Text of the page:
Understanding the "effective capacity" of deep nets via a compression approach
Sanjeev Arora, Princeton University and Institute for Advanced Study
Deep nets typically have way more parameters than the number of training samples. Classical statistics/learning theory suggests they should be prone to overfitting (i.e., doing poorly on unseen data) but in practice this is not the case. Recent works try to give an explanation using PAC-Bayes and Margin-based analyses, but do not as yet result on bounds on "effective capacity" (roughly, sample complexity) better than naive parameter counting.

We describe new methods to give estimates of “effective capacity” that're orders of magnitude better in practice than earlier attempts. These rely upon new succinct reparametrizations of the trained net --- a compression scheme that is explicit and efficient.  Our results also provide some theoretical justification for widespread empirical success in compressing deep nets. Analysis of correctness of our compression relies upon some newly identified “noise stability” properties of trained deep nets, which are also experimentally verified. The study of these properties and resulting generalization bounds are also extended to convolutional nets, which had been difficult in earlier attempts.

Towards ML You Can Rely On
Aleksander Madry, MIT

Machine learning has made a significant progress over the last decade. In fact, many believe now that ML techniques are a “silver bullet”, capable of making progress on any real-world problem they are applied to.

But can we truly rely on this toolkit?

In this talk, I will discuss one of the key challenges to making ML be dependable and secure: the widespread vulnerability of state-of-the-art classifiers to adversarial misclassification (aka adversarial examples). I will then describe a framework that enables us to reason about this vulnerability in a principled manner as well as develop methods for alleviating the problem it poses.

Is Depth Needed for Deep Learning? Circuit Complexity in Neural Networks

Ohad Shamir, Weizmann Institute of Science
Deep learning, as its name indicates, is based on training artificial neural networks with many layers. A key theoretical question is to understand why such depth is beneficial, and when is it provably necessary to express certain types of functions. In fact, this question is closely related to circuit complexity, which has long been studied in theoretical computer science -- albeit for different reasons, and for circuits which differ in some important ways from modern neural networks. Despite this similarity, the interaction between the circuit complexity and machine learning research communities is currently quite limited. In this talk, I'll survey some of the recent depth separation results developed in the machine learning community, and discuss open questions where insights from circuit complexity might help.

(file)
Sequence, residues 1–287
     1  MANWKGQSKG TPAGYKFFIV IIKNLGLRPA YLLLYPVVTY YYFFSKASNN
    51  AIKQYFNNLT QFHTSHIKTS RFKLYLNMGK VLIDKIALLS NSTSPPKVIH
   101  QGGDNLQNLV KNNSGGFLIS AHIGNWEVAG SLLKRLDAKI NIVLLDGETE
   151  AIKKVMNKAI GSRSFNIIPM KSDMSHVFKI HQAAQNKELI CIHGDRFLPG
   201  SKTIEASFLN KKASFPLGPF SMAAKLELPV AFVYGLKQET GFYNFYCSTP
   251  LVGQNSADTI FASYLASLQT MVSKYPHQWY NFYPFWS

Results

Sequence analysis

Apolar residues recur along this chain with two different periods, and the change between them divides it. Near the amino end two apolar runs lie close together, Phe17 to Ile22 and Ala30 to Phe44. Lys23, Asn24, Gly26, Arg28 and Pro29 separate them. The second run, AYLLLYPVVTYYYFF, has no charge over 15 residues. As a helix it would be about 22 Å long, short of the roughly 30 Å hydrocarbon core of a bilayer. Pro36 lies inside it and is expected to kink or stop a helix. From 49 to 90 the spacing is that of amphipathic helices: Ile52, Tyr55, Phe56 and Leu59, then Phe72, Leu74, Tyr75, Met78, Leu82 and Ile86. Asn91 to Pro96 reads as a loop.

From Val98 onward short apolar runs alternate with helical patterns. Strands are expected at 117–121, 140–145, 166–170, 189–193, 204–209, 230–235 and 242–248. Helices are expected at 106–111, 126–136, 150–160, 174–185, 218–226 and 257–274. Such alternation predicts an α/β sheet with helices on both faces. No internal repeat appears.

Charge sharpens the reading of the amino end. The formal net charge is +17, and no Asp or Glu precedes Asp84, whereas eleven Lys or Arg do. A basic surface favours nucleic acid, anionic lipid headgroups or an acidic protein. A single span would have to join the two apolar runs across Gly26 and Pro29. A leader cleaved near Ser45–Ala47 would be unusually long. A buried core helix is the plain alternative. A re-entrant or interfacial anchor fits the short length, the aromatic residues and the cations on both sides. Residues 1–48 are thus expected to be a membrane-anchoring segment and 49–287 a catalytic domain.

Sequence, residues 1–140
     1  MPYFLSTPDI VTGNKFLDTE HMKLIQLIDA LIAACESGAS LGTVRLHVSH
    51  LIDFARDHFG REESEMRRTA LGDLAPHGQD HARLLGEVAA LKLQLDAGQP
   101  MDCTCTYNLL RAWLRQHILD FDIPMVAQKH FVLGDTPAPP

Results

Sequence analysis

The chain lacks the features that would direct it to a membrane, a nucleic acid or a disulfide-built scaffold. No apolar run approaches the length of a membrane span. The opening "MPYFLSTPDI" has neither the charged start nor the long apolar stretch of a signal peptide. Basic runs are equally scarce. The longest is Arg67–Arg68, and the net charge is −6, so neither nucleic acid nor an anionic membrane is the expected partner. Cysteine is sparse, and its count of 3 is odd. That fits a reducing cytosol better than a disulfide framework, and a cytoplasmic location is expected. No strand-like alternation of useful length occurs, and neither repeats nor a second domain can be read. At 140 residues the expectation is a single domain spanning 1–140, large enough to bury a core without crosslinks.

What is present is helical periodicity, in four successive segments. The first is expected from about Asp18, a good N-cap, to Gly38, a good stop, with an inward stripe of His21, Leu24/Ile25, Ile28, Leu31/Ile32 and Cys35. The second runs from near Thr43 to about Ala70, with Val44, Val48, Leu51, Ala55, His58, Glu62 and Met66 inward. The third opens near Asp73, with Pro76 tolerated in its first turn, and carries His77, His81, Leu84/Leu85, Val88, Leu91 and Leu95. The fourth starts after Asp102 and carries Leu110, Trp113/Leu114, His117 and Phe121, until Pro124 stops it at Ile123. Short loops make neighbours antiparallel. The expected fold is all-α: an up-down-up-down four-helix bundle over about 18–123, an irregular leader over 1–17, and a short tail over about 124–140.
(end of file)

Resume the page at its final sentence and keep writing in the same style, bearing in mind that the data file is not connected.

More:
The talk is aimed at a general theoretical computer science audience, and no prior knowledge about deep learning will be assumed.

Algorithmic Regularization in Over-parameterized Matrix Recovery and Neural Networks with Quadratic Activations
Tengyu Ma, Facebook AI/Stanford
Over-parameterized models are widely and successfully used in deep learning, but their workings are far from understood. In many practical scenarios, the learned model generalizes to the test data, even though the hypothesis class contains a model that completely overfits the training data and no regularization is applied. 

In this talk, we will show that such phenomenon occurs in over-parameterized matrix recovery models as well, and prove that the gradient descent algorithm provides additional regularization power that prevents the overfitting. The result can be extended to learning one-hidden-layer neural networks with quadratic activations. The key insight here is that gradient descent prefers searching through the set of low complexity (that is, low-rank) models first, and converges to a low complexity model with a good training error if such a model exists.

Based on joint work with Yuanzhi Li and Hongyang Zhang. https://arxiv.org/abs/1712.09203

Generalization and Implicit Regularization in Deep Learning.
Nathan Srebro, TTI Chicago

Do Deep Networks have Bad Local Minima?Brief survey on optimization landscape for neural networks
Rong Ge, Duke University
In practice, simple algorithms like gradient descent seems to be able to find optimal solutions for neural networks. One way to explain this is to study the optimization landscape: whether the objective function has any bad local optimal solutions. In this talk we will give a brief (and incomplete) survey on recent results for optimization landscape of neural networks in several different settings.

On PAC learning and deep learning
Amit Daniely, Hebrew university of Jerusalem/Google Tel-Aviv
I will discuss the extent to which PAC learning, as we know it today, can form a theoretical basis for deep learning.